Also known as Guangren Lama Temple, Guangren Temple is the only Tibetan Buddhist temple in Shaanxi province. It dates back to the early 18th century but was extensively rebuilt during the 20th century. The 3-acre (1.3-hectare) area encompasses a multitude of halls and shrines, as well as a vast spirit wall and an ancient bodhi tree.
Close to the towering South Gate (Yongningmen) of the Xian City Wall, Shuyuanmen Pedestrian Street is a pedestrianized lane that’s tailor-made for souvenir shopping. Head here for traditional arts and crafts, as well as Chinese signatures from jade to chopsticks, from teapots to calligraphy. The historic-looking buildings are reconstructions.
Tucked into the north range of the Qinling Mountains just outside Xian, Louguantai National Forest Park was where Laozi, father of Taoism, penned his foundational philosophy of theTao Te Ching. Travelers will find three Taoist temples within the park, as well as a bamboo forest and wild-animal-breeding center.
Artists from the Northern Wei dynasty began carving in the Longmen Grottoes (Longmen Caves) in the year 494 and continued to do so for some 200 years. Today, the UNESCO-listed caves, known in Chinese as Longmen Shiku (literally: Dragon's Gate Caves), contain more than 100,000 Buddhist statues and images—one of the best and last remaining collections of Buddhist rock carvings in China.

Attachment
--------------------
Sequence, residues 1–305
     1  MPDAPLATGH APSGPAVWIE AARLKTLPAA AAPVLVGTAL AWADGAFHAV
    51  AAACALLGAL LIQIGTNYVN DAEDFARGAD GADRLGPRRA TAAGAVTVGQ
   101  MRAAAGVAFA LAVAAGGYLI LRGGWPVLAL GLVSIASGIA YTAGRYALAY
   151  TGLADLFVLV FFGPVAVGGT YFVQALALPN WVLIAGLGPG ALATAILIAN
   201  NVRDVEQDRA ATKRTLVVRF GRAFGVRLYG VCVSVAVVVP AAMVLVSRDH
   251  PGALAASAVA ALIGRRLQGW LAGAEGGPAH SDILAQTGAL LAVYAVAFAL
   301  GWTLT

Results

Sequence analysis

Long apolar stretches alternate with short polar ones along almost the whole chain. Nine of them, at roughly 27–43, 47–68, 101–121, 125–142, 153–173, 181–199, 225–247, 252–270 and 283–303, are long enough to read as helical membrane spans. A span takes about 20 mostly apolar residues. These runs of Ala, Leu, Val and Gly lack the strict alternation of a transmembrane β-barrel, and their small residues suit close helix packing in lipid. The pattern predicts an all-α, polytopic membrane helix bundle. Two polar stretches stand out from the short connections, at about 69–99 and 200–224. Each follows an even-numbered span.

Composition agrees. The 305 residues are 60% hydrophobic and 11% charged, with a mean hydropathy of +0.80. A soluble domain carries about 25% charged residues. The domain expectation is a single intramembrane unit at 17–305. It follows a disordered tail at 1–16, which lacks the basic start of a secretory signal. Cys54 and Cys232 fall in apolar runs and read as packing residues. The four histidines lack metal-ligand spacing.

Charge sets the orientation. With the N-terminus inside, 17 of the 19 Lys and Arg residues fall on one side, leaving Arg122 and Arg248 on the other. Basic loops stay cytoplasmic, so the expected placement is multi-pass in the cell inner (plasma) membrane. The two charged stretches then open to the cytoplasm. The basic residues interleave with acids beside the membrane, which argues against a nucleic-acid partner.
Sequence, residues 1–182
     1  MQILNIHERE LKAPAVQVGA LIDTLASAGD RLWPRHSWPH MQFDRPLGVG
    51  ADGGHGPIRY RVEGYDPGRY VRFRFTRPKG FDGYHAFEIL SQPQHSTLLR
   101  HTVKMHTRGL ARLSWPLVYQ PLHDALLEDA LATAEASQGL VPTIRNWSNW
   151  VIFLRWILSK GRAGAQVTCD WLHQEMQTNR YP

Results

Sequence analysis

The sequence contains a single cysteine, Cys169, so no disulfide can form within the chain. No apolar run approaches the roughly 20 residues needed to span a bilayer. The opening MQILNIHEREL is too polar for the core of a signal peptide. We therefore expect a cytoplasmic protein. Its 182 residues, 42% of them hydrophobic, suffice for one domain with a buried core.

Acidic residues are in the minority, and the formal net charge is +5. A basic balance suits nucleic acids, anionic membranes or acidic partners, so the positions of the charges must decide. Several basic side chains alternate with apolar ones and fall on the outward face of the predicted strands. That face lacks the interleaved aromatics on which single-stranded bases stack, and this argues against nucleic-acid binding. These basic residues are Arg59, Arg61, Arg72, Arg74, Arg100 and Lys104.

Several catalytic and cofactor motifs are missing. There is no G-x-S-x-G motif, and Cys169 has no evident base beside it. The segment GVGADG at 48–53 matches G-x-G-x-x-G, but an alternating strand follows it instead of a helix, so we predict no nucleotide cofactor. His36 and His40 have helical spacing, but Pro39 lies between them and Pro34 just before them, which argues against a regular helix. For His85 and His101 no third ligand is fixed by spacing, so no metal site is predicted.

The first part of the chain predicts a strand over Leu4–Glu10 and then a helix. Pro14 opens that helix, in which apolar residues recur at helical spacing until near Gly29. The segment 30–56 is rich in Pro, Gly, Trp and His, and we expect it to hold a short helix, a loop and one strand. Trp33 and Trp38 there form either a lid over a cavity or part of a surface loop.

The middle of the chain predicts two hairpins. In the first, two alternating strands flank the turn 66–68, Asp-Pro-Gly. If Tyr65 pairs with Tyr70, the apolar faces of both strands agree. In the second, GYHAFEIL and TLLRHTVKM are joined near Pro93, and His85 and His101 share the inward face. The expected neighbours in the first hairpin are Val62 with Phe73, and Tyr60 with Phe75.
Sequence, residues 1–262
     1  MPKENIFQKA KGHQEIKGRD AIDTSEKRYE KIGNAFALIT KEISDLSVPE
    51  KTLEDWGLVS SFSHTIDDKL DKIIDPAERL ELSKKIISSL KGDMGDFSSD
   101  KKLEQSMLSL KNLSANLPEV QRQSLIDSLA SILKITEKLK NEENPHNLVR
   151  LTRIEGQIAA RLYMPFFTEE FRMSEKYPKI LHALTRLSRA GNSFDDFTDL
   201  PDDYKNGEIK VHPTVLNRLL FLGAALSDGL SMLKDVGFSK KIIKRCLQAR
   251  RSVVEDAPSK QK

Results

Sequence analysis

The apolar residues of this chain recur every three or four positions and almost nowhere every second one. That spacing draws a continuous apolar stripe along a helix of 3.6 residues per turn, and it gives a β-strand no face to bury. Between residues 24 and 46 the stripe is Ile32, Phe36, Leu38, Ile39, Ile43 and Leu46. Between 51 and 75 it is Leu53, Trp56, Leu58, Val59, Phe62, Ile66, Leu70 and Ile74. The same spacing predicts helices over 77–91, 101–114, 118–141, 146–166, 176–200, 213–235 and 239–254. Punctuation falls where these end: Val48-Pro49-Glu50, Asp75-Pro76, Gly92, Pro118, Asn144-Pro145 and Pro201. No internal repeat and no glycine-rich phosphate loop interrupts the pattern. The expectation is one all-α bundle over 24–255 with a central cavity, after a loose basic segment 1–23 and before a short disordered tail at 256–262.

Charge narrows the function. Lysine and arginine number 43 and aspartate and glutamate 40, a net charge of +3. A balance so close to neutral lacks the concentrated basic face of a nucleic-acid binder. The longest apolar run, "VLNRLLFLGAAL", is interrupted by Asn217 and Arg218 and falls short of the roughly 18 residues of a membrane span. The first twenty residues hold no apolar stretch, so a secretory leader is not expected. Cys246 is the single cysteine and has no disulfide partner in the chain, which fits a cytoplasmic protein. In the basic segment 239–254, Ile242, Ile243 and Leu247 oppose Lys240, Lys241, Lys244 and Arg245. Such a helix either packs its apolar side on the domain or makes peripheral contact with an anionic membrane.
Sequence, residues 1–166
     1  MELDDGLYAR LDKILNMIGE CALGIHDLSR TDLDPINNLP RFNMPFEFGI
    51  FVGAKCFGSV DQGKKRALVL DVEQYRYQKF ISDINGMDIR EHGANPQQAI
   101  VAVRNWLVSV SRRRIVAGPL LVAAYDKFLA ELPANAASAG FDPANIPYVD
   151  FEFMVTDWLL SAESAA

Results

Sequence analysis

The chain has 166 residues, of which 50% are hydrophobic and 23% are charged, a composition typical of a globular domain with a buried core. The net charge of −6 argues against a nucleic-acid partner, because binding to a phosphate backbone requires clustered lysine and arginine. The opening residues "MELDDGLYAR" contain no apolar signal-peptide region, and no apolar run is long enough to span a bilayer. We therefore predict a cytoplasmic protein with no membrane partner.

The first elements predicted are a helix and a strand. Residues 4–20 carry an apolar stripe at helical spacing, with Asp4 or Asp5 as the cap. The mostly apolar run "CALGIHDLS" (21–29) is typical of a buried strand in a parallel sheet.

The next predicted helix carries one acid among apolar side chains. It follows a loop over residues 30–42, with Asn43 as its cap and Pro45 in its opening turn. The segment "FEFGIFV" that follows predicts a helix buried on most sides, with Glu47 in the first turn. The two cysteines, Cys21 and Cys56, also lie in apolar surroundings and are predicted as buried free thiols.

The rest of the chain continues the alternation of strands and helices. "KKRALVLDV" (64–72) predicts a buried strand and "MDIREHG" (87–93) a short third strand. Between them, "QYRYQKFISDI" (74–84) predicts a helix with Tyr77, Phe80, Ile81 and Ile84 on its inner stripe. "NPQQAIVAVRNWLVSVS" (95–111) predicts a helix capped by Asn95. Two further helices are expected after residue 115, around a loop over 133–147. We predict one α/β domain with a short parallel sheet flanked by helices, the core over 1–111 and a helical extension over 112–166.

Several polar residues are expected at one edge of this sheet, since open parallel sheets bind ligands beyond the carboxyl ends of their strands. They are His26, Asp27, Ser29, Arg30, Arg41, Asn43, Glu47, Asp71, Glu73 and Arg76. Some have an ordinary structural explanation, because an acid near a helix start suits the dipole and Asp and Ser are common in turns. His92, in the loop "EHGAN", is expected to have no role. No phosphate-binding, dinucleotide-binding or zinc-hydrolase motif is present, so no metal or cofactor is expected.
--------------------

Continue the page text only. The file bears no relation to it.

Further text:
The 2,300 grottoes and niches extend along the banks of the Yi River, but only a stretch of less than a mile (1 kilometer) is open to visitors. Many of the statues have been decapitated by vandals over the centuries, but many of the heads have been returned, giving visitors a more complete image of what the caves might have looked like in their heyday.
Among the most impressive caves are the Ancestor Worshipping Temple (Fengxian Si), the largest of the accessible grottoes at Longment; Ten Thousand Buddha Cave (Wan Fo Dong) with its 15,000 Buddha carvings; and the Three Binyang Caves.
Xi'an has one of the most extensive and best-preserved defensive walls in the world. This colossal structure was started under the Ming Dynasty in 1370, a few years before the Drum and Bell Towers. The wall comprises 98 ramparts, each with its own sentry house, as well as 18 gateways, of which the most impressive is the South Gate.